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Quality Score VS Landing Pages

Posted on by Mike Poserina in Google AdWords, Landing Page Optimization

I recently read an interesting article posted on by Mark Jackson – “Google AdWords Quality Score — That”s Old-School for SEO”


The driving point of this article is that Google’s Quality Score is going to be base in-part on the content of the landing page.  If you are bidding on a keyword “Big Fatty Hamburger”, you better make sure that you have a Big Fatty Hamburger content-focused landing page. 


The article implies that this move by Google is very similar to SEO where you optimize your site around the keywords you wish to show up for in organic search.  Makes sense, right?


I too was under the same impression until I asked a question to our Account Specialist….   Their response is quite interesting:

“While this could help with their website conversion rate, it wouldn”t really affect their site quality score. In its current iteration the site quality component is geared more toward demoting sites that offer a poor user experience or less than 658b (+12%), adding £487. above board business model, rather than rewarding more relevant sites. Basically, that component is either neutral or varying degrees of negative. There is no bump given for things like keywords on the landing page and the like. Let me know if you have other questions about this.”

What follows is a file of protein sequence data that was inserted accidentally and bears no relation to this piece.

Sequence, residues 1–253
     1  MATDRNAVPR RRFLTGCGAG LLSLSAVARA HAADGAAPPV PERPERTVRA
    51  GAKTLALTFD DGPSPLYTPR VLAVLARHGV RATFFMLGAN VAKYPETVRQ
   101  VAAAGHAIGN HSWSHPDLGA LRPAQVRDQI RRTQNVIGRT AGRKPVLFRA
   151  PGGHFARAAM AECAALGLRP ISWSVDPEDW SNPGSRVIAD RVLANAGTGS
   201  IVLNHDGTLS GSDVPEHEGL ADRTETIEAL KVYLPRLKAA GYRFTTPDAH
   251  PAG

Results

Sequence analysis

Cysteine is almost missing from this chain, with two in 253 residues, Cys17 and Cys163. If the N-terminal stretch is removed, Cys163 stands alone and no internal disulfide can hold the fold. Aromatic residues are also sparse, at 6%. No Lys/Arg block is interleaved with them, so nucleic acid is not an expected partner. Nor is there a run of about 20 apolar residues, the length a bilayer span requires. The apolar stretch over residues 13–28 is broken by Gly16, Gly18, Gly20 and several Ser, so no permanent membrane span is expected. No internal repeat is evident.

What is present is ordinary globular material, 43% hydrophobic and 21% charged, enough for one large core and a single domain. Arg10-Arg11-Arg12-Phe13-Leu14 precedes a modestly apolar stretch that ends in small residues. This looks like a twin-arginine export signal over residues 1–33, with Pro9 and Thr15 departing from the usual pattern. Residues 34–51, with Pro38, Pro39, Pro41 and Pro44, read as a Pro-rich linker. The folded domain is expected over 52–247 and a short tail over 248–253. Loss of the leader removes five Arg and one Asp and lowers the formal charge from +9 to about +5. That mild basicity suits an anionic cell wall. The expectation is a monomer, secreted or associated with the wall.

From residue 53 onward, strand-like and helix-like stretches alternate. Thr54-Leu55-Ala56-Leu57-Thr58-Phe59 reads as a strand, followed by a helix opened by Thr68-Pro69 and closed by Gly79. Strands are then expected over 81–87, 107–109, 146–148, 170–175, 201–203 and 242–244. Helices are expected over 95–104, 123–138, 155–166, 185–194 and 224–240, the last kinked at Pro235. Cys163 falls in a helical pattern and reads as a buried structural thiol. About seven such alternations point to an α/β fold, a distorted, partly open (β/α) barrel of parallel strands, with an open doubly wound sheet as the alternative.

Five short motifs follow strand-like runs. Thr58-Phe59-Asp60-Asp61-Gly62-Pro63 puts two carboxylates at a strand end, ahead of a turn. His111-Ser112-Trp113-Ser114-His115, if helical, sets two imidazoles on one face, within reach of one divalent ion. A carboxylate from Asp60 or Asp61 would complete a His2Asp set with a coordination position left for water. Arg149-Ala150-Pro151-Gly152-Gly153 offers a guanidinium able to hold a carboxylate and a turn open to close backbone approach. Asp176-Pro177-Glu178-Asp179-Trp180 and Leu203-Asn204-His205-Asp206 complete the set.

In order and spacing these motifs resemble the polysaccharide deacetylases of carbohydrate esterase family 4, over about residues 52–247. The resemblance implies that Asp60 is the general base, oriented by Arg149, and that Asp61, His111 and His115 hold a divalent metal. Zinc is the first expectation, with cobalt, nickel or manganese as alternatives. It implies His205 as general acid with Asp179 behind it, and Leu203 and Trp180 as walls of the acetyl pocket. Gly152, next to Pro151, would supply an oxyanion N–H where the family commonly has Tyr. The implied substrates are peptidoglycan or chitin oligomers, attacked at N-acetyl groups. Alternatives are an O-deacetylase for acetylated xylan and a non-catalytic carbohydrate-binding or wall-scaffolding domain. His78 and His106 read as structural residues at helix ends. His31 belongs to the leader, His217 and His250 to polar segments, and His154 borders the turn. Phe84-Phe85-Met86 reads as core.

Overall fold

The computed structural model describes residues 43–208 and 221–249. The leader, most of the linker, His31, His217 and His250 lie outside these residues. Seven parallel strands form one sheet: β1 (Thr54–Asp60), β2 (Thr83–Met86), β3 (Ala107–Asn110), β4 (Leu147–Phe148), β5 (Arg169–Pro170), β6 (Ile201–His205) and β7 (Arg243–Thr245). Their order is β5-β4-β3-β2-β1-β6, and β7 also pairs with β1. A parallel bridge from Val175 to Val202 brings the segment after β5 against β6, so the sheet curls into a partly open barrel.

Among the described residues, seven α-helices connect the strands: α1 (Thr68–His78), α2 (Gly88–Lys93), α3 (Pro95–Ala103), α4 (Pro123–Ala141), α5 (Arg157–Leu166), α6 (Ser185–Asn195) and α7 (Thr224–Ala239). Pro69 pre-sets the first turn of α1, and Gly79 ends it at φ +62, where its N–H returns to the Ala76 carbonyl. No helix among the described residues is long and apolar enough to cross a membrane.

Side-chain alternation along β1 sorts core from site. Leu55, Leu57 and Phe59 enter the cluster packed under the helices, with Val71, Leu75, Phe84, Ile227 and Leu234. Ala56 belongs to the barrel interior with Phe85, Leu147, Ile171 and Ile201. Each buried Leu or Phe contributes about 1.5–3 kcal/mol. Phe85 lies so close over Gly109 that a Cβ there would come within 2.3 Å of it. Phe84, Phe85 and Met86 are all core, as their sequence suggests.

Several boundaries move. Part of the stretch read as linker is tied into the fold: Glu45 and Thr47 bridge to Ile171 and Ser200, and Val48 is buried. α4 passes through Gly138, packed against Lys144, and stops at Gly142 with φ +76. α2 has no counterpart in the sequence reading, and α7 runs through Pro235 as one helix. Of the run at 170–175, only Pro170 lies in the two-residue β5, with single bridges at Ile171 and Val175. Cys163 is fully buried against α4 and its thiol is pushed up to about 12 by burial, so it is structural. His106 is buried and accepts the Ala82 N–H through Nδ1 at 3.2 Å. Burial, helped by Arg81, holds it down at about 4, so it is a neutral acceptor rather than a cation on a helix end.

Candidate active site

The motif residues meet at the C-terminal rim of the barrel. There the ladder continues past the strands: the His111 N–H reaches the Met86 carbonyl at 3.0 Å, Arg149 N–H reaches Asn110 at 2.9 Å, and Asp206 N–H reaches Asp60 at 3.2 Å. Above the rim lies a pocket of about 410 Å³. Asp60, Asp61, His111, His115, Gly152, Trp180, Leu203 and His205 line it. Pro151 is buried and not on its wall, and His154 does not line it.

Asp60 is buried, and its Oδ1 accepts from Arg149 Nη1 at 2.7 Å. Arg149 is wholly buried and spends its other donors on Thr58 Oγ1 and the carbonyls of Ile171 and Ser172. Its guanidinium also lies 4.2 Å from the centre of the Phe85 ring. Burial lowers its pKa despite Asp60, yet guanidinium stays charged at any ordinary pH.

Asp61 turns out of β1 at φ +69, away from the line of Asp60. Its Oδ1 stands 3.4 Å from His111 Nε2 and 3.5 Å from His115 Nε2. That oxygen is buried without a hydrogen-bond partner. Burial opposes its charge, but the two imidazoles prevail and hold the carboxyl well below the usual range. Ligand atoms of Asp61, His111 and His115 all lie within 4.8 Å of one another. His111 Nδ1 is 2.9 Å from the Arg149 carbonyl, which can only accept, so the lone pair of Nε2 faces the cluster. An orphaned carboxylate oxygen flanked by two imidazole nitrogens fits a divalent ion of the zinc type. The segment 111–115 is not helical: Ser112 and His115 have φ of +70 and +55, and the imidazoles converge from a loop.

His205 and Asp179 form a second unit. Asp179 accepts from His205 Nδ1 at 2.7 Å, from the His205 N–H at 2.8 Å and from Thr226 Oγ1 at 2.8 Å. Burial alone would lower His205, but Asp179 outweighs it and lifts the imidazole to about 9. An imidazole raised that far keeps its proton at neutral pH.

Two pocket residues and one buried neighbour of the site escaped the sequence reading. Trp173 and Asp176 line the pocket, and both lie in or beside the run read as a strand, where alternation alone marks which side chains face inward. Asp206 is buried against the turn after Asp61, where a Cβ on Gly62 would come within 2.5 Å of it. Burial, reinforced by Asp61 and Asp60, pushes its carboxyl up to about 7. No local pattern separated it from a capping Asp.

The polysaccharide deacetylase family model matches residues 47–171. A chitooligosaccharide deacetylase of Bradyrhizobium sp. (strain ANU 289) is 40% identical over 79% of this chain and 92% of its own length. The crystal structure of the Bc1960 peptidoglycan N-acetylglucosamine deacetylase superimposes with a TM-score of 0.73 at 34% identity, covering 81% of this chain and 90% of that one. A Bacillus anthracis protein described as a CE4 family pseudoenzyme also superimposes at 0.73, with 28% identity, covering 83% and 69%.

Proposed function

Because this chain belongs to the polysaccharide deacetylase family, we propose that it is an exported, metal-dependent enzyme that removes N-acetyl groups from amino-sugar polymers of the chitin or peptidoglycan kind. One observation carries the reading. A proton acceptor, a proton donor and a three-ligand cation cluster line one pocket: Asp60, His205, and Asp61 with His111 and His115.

That being said, if raising your quality score is your goal, making individual landing pages for each of your keywords is not going to cut it.  Google wants a positive user experience and as long as your site is not misleading, has a privacy policy, link to the homepage, and a proper website layout, then you get a 10 out of 10 (for this aspect of the quality score calculations.)  Your time is better spent a/b testing ad creative than creating or paying a web developer for dozens of unique pages.  It is important to note that these comments are based on addressing the Quality Score.  We believe very strongly that Landing Page testing is an integral part of a building a successful PPC marketing campaign – but the intention and focus should be based on increasing the Conversion Rate, not the Quality Score.